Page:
Almost exactly twenty years ago I started writing a short article about the problems with string theory. I had been thinking about doing this for quite a while, and the timing of entering the twenty-first century seemed appropriate for evaluating something that had long been advertised as “a piece of 21st-century physics that had fallen by accident into the 20th”. The piece was done in a week or two, after which I sent it around to a group of physicists to ask for comments. The reaction was mostly positive, although at least one well-known theorist told me that publicly challenging string theorists in this way would be counter-productive.
One person who wrote back was Phil Anderson, I’ve quoted some of what he wrote to me in this posting. He suggested I send it to Gloria Lubkin at Physics Today, and evidently talked to her about it. I did do this, and after not hearing anything back for a week or two, decided to go ahead and post the article to the arXiv, where it appeared as String Theory: An Evaluation.
Rereading that article today, there’s little I would change. Its argument is even more valid now than then. The problems of the theory and how it was pursued evolved over the next twenty years in ways far worse than what I could have imagined back then. In particular, the “multiverse” argument explaining away why string theory predicts nothing is something I could not have conceived of in 2001. The tribalistic sociology that has led to a large group of people calling themselves “string theorists” when what they do has nothing to do with string theory is also something I would have thought impossible.
In many ways, twenty years of further failure have had less than no effect. Lubos Motl is still arguing that string theory is the language in which God wrote the universe, and Michio Kaku has a new book about to appear, in which it looks like string field theory is described by the God Equation. Ignoring these extreme examples, string theory remains remarkably well-entrenched in mainstream physics: for example, my university regularly offers a course training undergraduates in string theory, and prestigious \$3 million prizes are routinely given for work on the subject. The usual mechanisms according to which a failed scientific idea is supposed to fall by the wayside for some reason have not had an effect.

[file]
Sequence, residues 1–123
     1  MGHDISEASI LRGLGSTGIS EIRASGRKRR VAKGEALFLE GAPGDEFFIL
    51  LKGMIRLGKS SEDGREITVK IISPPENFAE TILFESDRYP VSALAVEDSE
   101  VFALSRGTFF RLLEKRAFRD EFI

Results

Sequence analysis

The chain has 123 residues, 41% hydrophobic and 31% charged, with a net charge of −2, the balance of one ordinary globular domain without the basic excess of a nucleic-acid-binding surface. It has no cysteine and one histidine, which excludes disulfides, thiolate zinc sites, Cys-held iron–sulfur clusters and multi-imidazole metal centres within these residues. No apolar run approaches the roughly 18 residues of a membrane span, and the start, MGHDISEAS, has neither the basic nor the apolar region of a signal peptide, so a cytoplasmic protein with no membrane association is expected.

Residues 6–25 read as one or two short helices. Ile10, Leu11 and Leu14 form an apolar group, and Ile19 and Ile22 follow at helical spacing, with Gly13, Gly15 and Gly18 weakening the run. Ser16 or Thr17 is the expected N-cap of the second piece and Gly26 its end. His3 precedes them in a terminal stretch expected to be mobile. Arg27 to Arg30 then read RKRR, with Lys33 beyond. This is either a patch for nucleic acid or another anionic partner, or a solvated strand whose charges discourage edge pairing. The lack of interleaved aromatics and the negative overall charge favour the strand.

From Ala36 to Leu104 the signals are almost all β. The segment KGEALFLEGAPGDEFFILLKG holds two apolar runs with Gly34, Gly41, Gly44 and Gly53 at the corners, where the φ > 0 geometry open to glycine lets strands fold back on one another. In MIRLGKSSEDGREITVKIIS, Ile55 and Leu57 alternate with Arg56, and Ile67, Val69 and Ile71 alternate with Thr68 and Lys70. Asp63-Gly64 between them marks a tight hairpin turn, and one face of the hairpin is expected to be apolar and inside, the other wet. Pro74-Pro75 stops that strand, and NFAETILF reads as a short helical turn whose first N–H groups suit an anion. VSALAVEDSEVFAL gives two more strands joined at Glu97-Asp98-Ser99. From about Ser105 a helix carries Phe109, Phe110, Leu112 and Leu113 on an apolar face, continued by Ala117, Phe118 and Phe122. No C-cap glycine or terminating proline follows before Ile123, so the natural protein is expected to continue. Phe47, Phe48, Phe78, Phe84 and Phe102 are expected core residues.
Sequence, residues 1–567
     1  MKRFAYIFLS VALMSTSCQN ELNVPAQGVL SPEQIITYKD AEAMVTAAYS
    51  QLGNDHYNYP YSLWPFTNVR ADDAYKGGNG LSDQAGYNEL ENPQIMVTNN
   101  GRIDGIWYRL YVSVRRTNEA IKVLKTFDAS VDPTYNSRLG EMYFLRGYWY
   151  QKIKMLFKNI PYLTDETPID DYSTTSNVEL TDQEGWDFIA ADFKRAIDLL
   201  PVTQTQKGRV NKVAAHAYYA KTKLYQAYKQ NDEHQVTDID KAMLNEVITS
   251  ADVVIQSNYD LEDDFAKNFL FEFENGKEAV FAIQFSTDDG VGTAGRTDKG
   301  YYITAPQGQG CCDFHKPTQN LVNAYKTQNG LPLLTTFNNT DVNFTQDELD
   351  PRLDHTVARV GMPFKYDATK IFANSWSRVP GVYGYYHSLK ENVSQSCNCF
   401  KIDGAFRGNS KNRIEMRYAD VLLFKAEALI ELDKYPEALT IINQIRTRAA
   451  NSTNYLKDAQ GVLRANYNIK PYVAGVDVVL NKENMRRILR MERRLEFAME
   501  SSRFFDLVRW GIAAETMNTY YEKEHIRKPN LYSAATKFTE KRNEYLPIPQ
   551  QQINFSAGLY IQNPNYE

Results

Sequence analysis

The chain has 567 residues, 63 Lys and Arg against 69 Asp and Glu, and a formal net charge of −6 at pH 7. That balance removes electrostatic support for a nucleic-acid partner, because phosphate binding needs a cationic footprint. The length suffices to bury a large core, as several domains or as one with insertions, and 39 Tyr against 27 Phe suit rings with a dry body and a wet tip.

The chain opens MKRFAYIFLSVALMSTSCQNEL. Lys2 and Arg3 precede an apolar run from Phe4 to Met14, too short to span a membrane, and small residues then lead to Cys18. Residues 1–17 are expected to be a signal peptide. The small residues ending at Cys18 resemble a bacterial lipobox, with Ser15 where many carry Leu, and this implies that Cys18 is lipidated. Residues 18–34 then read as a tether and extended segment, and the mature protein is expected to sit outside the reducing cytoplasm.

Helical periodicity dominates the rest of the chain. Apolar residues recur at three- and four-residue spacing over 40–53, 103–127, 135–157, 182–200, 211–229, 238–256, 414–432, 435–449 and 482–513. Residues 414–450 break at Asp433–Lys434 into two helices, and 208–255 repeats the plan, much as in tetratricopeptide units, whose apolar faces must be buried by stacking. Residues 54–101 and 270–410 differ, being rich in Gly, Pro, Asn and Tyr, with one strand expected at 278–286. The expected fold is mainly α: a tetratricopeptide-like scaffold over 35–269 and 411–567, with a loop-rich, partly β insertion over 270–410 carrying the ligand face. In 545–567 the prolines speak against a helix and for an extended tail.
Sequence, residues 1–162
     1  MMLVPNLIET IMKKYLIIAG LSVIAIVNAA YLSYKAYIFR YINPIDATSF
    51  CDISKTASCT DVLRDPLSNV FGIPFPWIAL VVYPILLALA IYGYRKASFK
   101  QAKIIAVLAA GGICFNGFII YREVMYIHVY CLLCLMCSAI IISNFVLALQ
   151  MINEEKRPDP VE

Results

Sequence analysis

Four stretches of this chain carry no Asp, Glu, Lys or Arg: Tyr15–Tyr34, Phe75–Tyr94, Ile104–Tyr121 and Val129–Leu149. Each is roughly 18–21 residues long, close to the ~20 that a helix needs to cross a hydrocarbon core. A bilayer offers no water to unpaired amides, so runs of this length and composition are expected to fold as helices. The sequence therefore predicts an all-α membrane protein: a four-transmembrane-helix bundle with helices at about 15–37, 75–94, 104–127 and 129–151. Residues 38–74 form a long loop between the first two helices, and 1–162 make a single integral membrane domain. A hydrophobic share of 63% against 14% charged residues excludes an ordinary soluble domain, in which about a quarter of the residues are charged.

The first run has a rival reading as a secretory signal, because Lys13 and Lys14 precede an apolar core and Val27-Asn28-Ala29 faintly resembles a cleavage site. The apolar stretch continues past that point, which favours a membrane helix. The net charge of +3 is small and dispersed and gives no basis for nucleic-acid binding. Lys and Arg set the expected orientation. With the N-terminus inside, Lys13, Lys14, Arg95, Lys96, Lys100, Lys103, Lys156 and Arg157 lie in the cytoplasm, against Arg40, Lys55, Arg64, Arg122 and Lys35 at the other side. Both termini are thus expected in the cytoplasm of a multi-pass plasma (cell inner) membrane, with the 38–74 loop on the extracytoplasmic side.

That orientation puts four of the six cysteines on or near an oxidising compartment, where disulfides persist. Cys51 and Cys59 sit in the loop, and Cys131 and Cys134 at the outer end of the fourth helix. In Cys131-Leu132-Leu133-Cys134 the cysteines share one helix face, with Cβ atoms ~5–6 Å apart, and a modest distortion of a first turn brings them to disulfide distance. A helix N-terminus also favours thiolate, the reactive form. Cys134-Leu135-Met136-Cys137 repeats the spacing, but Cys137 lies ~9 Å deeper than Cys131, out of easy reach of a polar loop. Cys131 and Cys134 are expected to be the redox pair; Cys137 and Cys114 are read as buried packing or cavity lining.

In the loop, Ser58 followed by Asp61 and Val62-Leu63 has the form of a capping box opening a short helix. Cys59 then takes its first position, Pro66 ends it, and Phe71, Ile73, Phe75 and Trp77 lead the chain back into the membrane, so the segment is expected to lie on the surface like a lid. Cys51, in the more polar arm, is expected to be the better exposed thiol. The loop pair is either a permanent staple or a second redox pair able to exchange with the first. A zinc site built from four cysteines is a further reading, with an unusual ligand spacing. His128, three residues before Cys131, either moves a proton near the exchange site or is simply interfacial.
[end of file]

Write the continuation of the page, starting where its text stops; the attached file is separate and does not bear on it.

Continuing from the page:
While string theory’s failures have gotten a lot of popular press, the situation is rather different within the physics community. One reason I was interested in publishing the article in Physics Today was that discussion of this issue belongs there, in a place it could get serious attention from within the field. To this day, that has not happened. The story of my article was that I finally did hear back from Lubkin on 2/21/2001. She told me that she would talk to the Physics Today editor Stephen Benka about it. I heard from Benka on 5/6/2001, who told me they wouldn’t publish an article like that, but that I should rework it for publication as a shorter letter to the editor. I did this and sent a short letter version back to them, never heard anything back (a few months later I wrote to ask what had happened to my letter, was told they had decided not to publish it, but didn’t bother to let me know). In 2002 an editor from American Scientist contacted me about the article, and it ended up getting published there.
Looking back at how Physics Today has covered string theory and related speculation over the past 25 years, I did a search and here’s what I found:
- Reflections on the Fate of Spacetime (Witten) (April 1996)
- String Theory Is Testable, Even Supertestable (Kane) (Feb. 1997)
- Duality, Spacetime and Quantum Mechanics (Witten) (May 1997)
- Large Extra Dimensions: A New Arena for Particle Physics (Arkani-Hamed, Dimopoulos, Dvali) (Feb. 2002)
- Is string theory phenomenologically viable?(Gates) (June 2006)
- The case for extra dimensions (Randall) (July 2007)
- String theory in the era of the Large Hadron Collider (Dine) (Dec. 2007)
- String theory and the real world (Kane) (Nov. 2010)
- What every physicist should know about string theory (Witten) (Nov. 2015)
The only thing I could find anywhere during those 25 years indicating to Physics Today readers that none of this speculation had worked out was a short opinion column by Burt Richter
- Theory in particle physics: Theological speculation versus practical knowledge (Richter) (October 2006)
It seems to me that those now in charge of Physics Today should be thinking about this history, their role in it, and what they might be able to do to make up for this heavily one-sided coverage of a controversial issue.